Understanding the impact of a traumatic experience(s) involves carefully considering the nature of the event(s).
The information below will hopefully be useful in helping you to better understand how this diagnosis is used in practice.
DSM-5 Criteria for PTSD
In 2013, the American Psychiatric Association revised the PTSD diagnostic criteria in the fifth edition of its Diagnostic and Statistical Manual of Mental Disorders (DSM-5) (1). The diagnostic criteria are specified below.
Note that DSM-5 introduced a preschool subtype of PTSD for children ages 6 years and younger. The criteria below are specific to adults, adolescents, and children older than 6 years.
Diagnostic criteria for PTSD include a history of exposure to a traumatic event that meets specific stipulations and symptoms from each of four symptom clusters: intrusion, avoidance, negative alterations in cognitions and mood, and alterations in arousal and reactivity. The sixth criterion concerns duration of symptoms; the seventh assesses functioning; and, the eighth criterion clarifies symptoms as not attributable to a substance or co-occurring medical condition.
Two specifications are noted including delayed expression and a dissociative subtype of PTSD, the latter of which is new to DSM-5. In both specifications, the full diagnostic criteria for PTSD must be met for application to be warranted.
Criterion A: stressor
Criterion B: intrusion symptoms
Criterion C: avoidance
Criterion D: negative alterations in cognitions and mood
Criterion E: alterations in arousal and reactivity
Criterion F: duration
Criterion G: functional significance
Criterion H: attribution
American Psychiatric Association. (2013) Diagnostic and statistical manual of mental disorders, (5th ed.). Washington, DC: Author.
The person was exposed to: death, threatened death, actual or threatened serious injury, or actual or threatened sexual violence, as follows: (1 required)
- Direct exposure
- Witnessing, in person
- Indirectly, by learning that a close relative or close friend was exposed to trauma. If the event involved actual or threatened death, it must have been violent or accidental
- Repeated or extreme indirect exposure to aversive details of the event(s), usually in the course of professional duties (e.g., first responders, collecting body parts; professionals repeatedly exposed to details of child abuse). This does not include indirect non-professional exposure through electronic media, television, movies, or pictures.
The traumatic event is persistently re-experienced in the following way(s): (1 required)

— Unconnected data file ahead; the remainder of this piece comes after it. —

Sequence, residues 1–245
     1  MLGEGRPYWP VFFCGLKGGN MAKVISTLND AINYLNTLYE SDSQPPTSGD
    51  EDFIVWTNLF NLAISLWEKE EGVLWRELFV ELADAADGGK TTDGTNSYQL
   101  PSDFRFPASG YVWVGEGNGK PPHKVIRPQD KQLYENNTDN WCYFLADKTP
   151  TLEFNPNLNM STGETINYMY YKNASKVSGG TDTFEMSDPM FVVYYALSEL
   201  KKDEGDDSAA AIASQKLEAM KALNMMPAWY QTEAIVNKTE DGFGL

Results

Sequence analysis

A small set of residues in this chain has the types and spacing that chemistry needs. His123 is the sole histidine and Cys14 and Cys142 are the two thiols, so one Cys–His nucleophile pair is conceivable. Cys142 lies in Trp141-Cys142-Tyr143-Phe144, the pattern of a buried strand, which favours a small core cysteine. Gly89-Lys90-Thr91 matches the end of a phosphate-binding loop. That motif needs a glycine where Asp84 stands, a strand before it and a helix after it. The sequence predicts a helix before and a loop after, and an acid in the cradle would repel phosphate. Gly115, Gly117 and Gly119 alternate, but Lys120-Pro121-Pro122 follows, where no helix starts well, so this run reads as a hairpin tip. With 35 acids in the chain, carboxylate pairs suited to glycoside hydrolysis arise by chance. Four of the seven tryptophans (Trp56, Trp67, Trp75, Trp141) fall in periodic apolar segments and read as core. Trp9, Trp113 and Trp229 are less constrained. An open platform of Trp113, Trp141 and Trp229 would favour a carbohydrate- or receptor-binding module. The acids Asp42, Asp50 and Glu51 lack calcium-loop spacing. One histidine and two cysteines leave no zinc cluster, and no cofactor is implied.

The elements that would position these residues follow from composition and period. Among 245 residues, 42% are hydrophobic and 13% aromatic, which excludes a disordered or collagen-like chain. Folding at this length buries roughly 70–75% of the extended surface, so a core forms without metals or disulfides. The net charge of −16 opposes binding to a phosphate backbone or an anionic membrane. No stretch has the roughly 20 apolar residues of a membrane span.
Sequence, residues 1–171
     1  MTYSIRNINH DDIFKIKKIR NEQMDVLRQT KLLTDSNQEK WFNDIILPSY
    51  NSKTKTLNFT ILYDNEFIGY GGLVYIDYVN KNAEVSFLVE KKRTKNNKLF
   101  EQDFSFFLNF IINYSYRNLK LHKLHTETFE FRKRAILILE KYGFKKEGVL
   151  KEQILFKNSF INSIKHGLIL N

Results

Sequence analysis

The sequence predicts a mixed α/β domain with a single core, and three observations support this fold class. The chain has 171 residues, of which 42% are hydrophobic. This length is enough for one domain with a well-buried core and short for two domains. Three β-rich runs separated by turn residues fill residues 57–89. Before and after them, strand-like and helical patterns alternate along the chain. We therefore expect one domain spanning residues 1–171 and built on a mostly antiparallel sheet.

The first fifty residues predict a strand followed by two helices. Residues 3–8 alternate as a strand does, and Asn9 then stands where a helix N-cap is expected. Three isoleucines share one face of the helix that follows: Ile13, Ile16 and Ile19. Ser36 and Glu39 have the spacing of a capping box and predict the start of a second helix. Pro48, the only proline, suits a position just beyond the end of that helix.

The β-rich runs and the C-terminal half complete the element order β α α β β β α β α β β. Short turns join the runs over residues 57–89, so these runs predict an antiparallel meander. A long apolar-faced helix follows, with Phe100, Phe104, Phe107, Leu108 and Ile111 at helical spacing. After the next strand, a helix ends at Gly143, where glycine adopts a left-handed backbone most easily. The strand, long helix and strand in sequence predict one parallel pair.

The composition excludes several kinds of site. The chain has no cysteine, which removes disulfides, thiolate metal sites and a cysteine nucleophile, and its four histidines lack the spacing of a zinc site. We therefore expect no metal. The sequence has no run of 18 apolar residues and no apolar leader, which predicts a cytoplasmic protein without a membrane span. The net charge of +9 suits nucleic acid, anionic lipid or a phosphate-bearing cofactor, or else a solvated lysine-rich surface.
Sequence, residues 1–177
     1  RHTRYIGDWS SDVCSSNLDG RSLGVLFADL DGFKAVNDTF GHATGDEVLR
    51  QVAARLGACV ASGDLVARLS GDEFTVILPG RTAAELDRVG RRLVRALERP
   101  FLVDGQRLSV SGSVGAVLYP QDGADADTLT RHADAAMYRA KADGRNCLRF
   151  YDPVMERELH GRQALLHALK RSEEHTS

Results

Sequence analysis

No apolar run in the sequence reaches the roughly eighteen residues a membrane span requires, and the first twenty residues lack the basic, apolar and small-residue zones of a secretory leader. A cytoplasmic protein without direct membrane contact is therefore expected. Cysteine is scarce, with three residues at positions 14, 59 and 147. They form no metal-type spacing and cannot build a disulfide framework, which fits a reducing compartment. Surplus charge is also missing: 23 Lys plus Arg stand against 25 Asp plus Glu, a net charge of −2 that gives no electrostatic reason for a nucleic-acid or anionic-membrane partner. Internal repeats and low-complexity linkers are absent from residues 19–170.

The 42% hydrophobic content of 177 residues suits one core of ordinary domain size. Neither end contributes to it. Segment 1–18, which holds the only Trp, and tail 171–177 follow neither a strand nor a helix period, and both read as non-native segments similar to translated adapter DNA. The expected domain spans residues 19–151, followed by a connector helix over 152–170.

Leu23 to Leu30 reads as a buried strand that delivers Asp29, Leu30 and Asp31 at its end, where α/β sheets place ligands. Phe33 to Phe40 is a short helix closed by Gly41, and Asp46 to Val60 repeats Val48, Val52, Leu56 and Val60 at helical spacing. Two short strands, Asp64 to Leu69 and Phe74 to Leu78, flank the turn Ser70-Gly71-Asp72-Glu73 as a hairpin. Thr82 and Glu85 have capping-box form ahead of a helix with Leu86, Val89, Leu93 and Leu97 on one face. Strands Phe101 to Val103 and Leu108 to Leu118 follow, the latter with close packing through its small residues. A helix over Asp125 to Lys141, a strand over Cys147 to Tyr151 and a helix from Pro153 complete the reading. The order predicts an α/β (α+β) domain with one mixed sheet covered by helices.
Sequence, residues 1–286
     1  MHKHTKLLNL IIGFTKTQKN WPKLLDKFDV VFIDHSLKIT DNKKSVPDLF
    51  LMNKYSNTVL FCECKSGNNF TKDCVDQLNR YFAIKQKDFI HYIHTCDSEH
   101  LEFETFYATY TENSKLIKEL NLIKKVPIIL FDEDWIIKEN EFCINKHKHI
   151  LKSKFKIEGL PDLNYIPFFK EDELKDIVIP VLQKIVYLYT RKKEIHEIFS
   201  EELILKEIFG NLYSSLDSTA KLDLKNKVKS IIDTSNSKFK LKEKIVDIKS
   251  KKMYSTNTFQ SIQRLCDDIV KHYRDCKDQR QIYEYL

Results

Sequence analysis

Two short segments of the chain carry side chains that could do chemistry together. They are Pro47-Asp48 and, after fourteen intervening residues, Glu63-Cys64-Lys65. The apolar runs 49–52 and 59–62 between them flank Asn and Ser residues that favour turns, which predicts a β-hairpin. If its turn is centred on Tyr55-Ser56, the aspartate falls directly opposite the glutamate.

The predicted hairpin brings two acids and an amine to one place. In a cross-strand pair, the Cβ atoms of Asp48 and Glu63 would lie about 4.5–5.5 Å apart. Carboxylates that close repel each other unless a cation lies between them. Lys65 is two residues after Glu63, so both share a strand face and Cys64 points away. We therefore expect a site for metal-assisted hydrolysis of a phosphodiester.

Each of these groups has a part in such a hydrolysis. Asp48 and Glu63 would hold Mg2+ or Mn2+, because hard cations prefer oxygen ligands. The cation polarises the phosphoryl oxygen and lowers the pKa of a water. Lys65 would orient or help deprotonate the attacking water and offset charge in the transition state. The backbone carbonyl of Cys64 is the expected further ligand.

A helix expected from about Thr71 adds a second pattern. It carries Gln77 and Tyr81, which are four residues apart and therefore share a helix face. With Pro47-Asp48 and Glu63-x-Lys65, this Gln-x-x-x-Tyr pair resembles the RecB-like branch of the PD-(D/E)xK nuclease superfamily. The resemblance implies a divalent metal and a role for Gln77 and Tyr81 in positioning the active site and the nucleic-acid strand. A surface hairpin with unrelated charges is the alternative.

- Recurrent, involuntary, and intrusive memories. Note: Children older than 6 may express this symptom in repetitive play.
- Traumatic nightmares. Note: Children may have frightening dreams without content related to the trauma(s).
- Dissociative reactions (e.g., flashbacks) which may occur on a continuum from brief episodes to complete loss of consciousness. Note: Children may re-enact the event in play.
- Intense or prolonged distress after exposure to traumatic reminders.
- Marked physiologic reactivity after exposure to trauma-related stimuli.
Persistent effortful avoidance of distressing trauma-related stimuli after the event: (1 required)
- Trauma-related thoughts or feelings.
- Trauma-related external reminders (e.g., people, places, conversations, activities, objects, or situations).
Negative alterations in cognitions and mood that began or worsened after the traumatic event: (2 required)
- Inability to recall key features of the traumatic event (usually dissociative amnesia; not due to head injury, alcohol or drugs).
- Persistent (and often distorted) negative beliefs and expectations about oneself or the world (e.g., "I am bad," "The world is completely dangerous.").
- Persistent distorted blame of self or others for causing the traumatic event or for resulting consequences.
- Persistent negative trauma-related emotions (e.g., fear, horror, anger, guilt or shame).
- Markedly diminished interest in (pre-traumatic) significant activities.
- Feeling alienated from others (e.g., detachment or estrangement).
- Constricted affect: persistent inability to experience positive emotions.
Trauma-related alterations in arousal and reactivity that began or worsened after the traumatic event: (2 required)
- Irritable or aggressive behavior.
- Self-destructive or reckless behavior.
- Exaggerated startle response.
- Problems in concentration.
- Sleep disturbance.
Persistence of symptoms (in Criteria B, C, D and E) for more than one month.
Significant symptom-related distress or functional impairment (e.g., social, occupational).
Disturbance is not due to medication, substance use, or other illness.
Specify if: With dissociative symptoms.
In addition to meeting criteria for diagnosis, an individual experiences high levels of either of the following in reaction to trauma-related stimuli:
- Depersonalization: experience of being an outside observer of or detached from oneself (e.g., feeling as if "this is not happening to me" or one were in a dream).
- Derealization: experience of unreality, distance, or distortion (e.g., "things are not real").
Specify if: With delayed expression.
Full diagnosis is not met until at least 6 months after the trauma(s), although onset of symptoms may occur immediately.